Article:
For the people of Bayou Corne, a small community in northern Assumption Parish, the first signs of trouble appeared in late May. Streams of bubbles appeared in the water in nearby Bayou Lofourche. Then in early August a series of tremors led to the discovery of a sinkhole. Since then that hole in the ground has continued to grow along with the concerns of local residents and the officials they are looking to for answers.
via Assumption Sinkhole – Acadiana’s Multi-Media Station.
Louisiana’s Assumption Parish sinkhole caused the evacuation of 150 homes in early August and continues to threaten the area with possible explosions due to methane gas pockets. Property owners have not been allowed to return home yet, and businesses are at risk.
Texas Brine Co. began burning off natural gas Friday that was trapped in a water aquifer near a sinkhole in northern Assumption Parish, officials said.
This was the first time state, parish or company officials have been able to get gas to flow from four “vent wells” driven into the ground around the sinkhole in order to draw the dangerous gas out of the aquifer.
Located in the swamps between Bayou Corne and Grand Bayou south of La. 70 South, the sinkhole is more than 5½ acres in size at the surface and has prompted authorities to issue a standing evacuation order on Aug. 3 applying to 150 homes.
Fears that the trapped gas, which is colorless, odorless and potentially explosive, could accumulate to dangerous levels at the surface has further justified the evacuation order, parish officials have said.
via Gas flowing from sinkhole | Home | The Advocate — Baton Rouge, LA.
Is this a surprise? Often, the media and policy wonks discuss the consumer-side effects of environmental protection, but the environmental effects of manufacturing “green solutions” should not be taken lightly.
Electric cars actually harm the environment more than their gas-powered counterparts in many places, a new study from the Norwegian University of Science and Technology has concluded. That’s in part because electric car production “proved substantially more environmentally intensive,” the report said, according to the BBC. “The global warming potential from electric vehicle production is about twice that of conventional vehicles.”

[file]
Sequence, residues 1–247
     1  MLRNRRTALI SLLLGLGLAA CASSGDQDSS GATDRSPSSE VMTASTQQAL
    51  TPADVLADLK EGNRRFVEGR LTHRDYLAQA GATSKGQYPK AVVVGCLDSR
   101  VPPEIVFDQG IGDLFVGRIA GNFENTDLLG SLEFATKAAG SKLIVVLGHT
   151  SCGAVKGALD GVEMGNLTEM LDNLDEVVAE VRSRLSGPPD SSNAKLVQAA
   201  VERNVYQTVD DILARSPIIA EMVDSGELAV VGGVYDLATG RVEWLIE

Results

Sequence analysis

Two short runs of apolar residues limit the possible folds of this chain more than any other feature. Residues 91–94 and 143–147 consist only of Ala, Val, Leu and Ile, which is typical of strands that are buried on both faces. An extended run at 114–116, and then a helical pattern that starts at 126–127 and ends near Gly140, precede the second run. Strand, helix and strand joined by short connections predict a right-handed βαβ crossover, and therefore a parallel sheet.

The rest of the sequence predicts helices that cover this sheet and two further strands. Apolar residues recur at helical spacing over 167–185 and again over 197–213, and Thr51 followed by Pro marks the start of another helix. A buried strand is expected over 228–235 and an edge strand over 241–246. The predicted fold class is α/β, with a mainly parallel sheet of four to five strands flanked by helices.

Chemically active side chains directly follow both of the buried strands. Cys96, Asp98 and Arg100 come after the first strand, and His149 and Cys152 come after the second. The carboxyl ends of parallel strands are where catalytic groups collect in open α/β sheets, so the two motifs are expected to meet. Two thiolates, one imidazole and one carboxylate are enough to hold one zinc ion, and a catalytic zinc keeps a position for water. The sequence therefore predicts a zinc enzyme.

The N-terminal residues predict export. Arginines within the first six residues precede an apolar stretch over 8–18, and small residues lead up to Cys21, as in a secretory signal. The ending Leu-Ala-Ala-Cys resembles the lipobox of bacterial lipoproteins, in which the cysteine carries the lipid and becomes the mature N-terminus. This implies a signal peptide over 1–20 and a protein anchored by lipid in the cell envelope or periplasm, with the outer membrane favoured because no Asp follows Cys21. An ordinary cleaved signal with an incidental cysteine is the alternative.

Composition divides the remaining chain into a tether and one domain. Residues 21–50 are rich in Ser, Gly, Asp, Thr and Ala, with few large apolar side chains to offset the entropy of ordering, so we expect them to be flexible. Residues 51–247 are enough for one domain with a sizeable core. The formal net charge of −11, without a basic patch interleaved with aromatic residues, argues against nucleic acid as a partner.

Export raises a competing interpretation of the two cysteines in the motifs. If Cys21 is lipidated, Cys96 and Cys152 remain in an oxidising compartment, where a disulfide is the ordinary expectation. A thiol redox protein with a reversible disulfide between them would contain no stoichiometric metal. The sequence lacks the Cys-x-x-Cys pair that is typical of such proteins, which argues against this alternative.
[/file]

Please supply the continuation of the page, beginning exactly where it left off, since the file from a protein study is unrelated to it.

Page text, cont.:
That higher production cost might pay off if you live in an area powered by clean electricity sources—particularly if the car stays on the road a long time. But if your area gets its power from fossil fuels like coal or lignite, “it is counterproductive to promote electric vehicles,” the report said—they may even wind up causing more carbon emissions than gas burners. In addition, electric car batteries require toxic minerals like nickel, copper, and aluminum, increasing the potential for acidification.
via Study: Electric Cars Hurt the Environment – At least in areas that burn fossil fuels for electricity.
Flood water can be dangerous to your health. In New York, residents are asked to wear “protective gear”.
Water is everywhere in the aftermath of Hurricane Sandy – in basements, on the streets and in transit systems – but the one place that flood water is most dangerous is in your body.
ABC News chief health and medical editor Dr. Richard Besser collected floodwater and drinking water in some of the areas hit hardest by Sandy and had them tested at The Ambient Group lab. The floodwater collected in Lower Manhattan tested positive for gasoline and two types of bacteria found in sewage: E. coli and coliform.
“Very dangerous,” Besser said. “Make sure you wear protective gear if you are coming into contact with flood water.”
via Sewage, Bacteria, Gasoline Found in NYC Floodwater – ABC News.